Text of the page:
Sunday, 18 December 2016

The Luck Factor – book review

Read from cover to cover the book which came into my hands as an unbidden borrowing from a friend. I tend to be sceptical towards all sorts of happiness guides, coaching, personal development and other forms of inducing and teaching people to change their ways to let them become happier. The Luck Factor might fall into the category of guides, yet by no means it is pushy. The author who shares results of his many-years’ (scientific) work attempts to persuade readers while they’re chasing their luck what they get from the world is a reciprocation of what they give to the world.

The first impression I had while going through the first chapter was that the book could not have been written by a Pole. A beneficiary of good luck, as the author asserts, is generally trustful to the world and other people. Poles whose mistrust is strongly embedded in the process of upbringing are definitely not given a head start in the pursuit of happiness, which appears easier in an open, friendly, inter-connected culture, rather than when one functions in an atomised society. On the other hand, the Anglo-saxon culture, which prohibits grumbling and appreciates a grim on one’s face no matter what happens has a built-in insincerity, good for superficial business relationships, not necessarily apposite for building candid friendships.

The saying (hey, who’s come up with this, as when I googled the phrase the only outcome was from my own blog?) Luck is an opportunity not missed best summarises the purport of the book. Life, as Mr Wiseman points out, is a string of opportunities, created by people, situations, often being coincidences. What humans can do in a pursuit of good luck is to:
1/ maximise the number of opportunities,
2/ discern opportunities as the appear on their way,
3/ make best use of them.

So although sometimes the only explanation of a course of events is that it has all been written in the stars, control over overwhelming majority of situations which might have impact on our lives stays in our hands. To illustrate it with an example, look back on my adventure from June this year.
1/ It happened to me because I attended a conference – the more social events you take part in, the more people you meet, the more opportunities appear on your way.
2/ It is debatable whether I recognised the opportunity since I did not notice the woman with a suitcase, but as she approached me, the opportunity was just ahead of me.
3/ I have not made the possibly best use of it, since in a rush I didn’t take my business card, had no piece of paper to write my phone number on and thought it would have been inappropriate to ask the woman for a phone number. Of course, had I done all this right, there was no guarantee I would have met for example me future wife. Actually, odds I would have done it were negligibly low in this one situation, but with frequent exposure to such situations chances of meeting somebody I would spend the rest of my life increase.

This regularity pertains to all realms of life, not just romantic relationships. In simple words, the more occasions to search you create, the more likely you are to find!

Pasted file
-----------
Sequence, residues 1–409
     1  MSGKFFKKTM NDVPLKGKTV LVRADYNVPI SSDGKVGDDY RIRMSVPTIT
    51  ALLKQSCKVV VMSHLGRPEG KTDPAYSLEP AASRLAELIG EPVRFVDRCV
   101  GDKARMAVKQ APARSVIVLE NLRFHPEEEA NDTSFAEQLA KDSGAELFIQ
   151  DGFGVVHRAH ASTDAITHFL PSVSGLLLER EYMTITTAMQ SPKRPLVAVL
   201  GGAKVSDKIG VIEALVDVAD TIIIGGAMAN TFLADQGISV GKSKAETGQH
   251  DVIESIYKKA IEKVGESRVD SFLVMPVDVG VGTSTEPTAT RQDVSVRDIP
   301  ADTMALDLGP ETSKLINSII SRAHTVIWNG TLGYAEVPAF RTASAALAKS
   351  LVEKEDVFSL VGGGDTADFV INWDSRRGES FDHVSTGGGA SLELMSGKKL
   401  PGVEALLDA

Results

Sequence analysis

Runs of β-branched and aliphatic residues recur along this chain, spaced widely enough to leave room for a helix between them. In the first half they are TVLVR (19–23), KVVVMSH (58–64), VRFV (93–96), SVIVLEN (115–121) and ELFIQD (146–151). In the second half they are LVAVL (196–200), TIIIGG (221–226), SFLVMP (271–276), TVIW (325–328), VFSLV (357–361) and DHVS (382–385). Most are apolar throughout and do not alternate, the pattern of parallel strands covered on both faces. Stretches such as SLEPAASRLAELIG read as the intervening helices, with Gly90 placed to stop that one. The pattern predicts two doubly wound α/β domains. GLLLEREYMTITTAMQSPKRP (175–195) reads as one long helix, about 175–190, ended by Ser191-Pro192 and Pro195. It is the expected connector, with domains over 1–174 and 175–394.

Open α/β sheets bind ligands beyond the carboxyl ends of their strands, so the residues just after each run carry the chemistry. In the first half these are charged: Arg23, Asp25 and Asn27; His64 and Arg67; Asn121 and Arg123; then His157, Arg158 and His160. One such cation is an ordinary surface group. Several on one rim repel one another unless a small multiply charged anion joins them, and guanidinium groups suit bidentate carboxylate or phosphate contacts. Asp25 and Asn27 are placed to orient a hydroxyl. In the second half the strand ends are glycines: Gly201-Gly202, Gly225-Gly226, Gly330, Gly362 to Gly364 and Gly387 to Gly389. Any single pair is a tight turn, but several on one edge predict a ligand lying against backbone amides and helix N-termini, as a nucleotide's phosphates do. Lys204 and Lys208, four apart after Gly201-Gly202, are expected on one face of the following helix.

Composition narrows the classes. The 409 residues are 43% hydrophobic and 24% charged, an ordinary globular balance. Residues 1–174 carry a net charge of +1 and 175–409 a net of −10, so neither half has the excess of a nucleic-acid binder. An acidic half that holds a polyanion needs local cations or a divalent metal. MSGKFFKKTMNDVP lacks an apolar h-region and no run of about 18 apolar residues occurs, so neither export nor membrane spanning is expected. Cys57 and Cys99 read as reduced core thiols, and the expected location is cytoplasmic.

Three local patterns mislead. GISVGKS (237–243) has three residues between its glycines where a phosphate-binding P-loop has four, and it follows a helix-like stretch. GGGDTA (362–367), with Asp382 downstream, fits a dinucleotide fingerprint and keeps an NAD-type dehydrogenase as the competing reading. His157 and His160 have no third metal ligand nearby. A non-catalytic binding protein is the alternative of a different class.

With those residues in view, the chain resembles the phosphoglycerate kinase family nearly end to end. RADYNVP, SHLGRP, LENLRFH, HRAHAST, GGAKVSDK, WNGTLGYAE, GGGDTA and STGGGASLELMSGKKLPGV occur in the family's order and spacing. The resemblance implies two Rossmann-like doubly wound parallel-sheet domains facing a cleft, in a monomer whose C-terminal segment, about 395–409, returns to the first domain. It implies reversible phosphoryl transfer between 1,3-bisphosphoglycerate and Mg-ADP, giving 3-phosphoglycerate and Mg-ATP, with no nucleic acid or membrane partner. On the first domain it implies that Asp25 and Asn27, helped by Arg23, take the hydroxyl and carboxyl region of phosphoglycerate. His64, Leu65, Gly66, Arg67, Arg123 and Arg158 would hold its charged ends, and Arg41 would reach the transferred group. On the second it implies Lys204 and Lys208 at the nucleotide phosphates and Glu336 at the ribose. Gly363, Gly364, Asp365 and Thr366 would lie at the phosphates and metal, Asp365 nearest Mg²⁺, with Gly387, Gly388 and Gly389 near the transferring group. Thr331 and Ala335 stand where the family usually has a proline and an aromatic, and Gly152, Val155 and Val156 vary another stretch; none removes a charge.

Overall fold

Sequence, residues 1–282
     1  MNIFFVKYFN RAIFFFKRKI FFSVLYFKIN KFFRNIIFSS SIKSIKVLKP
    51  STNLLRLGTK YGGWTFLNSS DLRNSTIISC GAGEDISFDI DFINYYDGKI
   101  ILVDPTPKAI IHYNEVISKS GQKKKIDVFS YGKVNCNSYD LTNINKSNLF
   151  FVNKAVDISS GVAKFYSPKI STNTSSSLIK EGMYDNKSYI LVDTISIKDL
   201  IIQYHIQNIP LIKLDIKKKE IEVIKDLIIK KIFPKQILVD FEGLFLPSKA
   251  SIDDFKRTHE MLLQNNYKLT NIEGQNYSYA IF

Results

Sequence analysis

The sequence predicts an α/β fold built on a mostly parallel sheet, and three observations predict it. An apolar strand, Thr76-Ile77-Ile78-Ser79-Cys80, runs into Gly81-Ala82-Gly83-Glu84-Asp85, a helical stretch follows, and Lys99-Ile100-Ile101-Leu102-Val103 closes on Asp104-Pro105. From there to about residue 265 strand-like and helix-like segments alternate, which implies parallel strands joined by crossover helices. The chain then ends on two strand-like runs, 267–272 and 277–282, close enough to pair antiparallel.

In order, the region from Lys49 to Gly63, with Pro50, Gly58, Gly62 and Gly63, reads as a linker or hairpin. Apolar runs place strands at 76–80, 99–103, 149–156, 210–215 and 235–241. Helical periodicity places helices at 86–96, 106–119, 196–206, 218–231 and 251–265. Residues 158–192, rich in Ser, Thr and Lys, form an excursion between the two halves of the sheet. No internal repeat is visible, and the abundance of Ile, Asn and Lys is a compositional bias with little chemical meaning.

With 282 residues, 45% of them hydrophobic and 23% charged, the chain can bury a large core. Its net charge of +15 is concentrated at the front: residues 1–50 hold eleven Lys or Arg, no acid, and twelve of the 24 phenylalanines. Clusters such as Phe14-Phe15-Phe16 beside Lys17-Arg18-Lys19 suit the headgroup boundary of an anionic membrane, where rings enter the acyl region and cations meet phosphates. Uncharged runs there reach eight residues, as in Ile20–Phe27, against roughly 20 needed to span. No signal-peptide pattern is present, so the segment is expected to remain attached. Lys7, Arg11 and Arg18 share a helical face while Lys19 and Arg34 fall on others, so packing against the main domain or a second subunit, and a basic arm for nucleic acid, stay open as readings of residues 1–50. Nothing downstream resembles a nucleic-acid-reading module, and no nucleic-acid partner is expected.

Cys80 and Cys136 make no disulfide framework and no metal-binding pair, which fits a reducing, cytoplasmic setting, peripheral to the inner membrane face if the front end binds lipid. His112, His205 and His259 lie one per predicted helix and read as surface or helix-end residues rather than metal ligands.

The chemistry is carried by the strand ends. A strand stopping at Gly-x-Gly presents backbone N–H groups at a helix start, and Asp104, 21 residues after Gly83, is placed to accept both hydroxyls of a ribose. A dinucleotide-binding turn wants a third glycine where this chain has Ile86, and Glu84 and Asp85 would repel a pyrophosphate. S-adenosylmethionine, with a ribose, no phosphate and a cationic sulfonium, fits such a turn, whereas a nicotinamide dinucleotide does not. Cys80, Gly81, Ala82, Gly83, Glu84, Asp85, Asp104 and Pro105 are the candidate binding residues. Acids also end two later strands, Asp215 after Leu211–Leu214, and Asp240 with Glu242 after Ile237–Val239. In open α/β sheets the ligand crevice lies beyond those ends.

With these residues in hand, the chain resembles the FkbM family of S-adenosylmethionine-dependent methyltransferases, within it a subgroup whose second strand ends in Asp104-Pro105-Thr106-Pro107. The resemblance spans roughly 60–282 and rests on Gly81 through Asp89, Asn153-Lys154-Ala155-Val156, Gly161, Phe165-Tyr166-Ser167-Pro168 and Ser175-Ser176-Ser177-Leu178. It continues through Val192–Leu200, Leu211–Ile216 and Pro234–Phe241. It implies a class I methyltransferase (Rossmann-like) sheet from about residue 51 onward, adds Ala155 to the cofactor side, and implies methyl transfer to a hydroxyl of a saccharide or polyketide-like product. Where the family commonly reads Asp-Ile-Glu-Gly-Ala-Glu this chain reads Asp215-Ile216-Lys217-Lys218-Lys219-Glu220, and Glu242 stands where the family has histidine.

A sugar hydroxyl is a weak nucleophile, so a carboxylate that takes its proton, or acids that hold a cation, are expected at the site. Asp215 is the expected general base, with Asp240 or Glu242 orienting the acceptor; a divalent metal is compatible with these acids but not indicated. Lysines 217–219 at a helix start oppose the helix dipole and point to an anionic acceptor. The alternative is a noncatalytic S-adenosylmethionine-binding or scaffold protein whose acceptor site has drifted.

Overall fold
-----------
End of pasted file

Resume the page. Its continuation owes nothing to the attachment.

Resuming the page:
The Luck Factor contains several other foregone conclusions; none of them is ground-breaking, but they seem to deserve to be reminded.

You won’t fool nor get around maths. An experiment in which groups people who considered themselves lucky and ill-fated bought lottery tickets proved the former had the same probability of winning.

Optimism and pessimism in life underpin self-fulfilling prophecy mechanism. If you believe you will make it, you recognise factors and circumstances conducive to the positive outcome. Conversely, if you are convinced you won’t make, you seek out things that might go wrong and they come into the foreground.

Lucky people are open to new experiences and fear of rejection does not keep them company. Or actually they overcome the natural fear of rejection. Being turned away more or less often is an indispensable element of relationships and life, but since the law of large numbers holds true, the more attempts you make, the less likely to be rejected all the time you are.

Intuition probably has higher utility than common sense. As research by Mr Wiseman shows, everyone is bestowed with intuition, but bad-luck-ridden fellows rarely listen to their intuition and disregard whispers of it. I would add intuition is somehow related to experience we garner over our lifetime. The more people we meet, the more complex our interactions with them are, the more choice we have make, the richer our intuition grows.

Lucky guys do not push their luck, as this is the shortest path towards losing it. Drivers who have considered themselves lucky not to have an accident pledged to have avoided accidents thanks to their prudence, caution and not playing with fire. Never take your luck for granted, foster it if you want it to keep you company!

Beware reader! Luck ought not to be mistaken for happiness (in Polish both terms translate as szczęście). The two not necessarily go together. The former might exist without the latter, the other way round, though hardly imaginable, is also possible. Happiness is about expectations – if you expect little (but not too little) you are more likely to be happy with what you have!

No comments: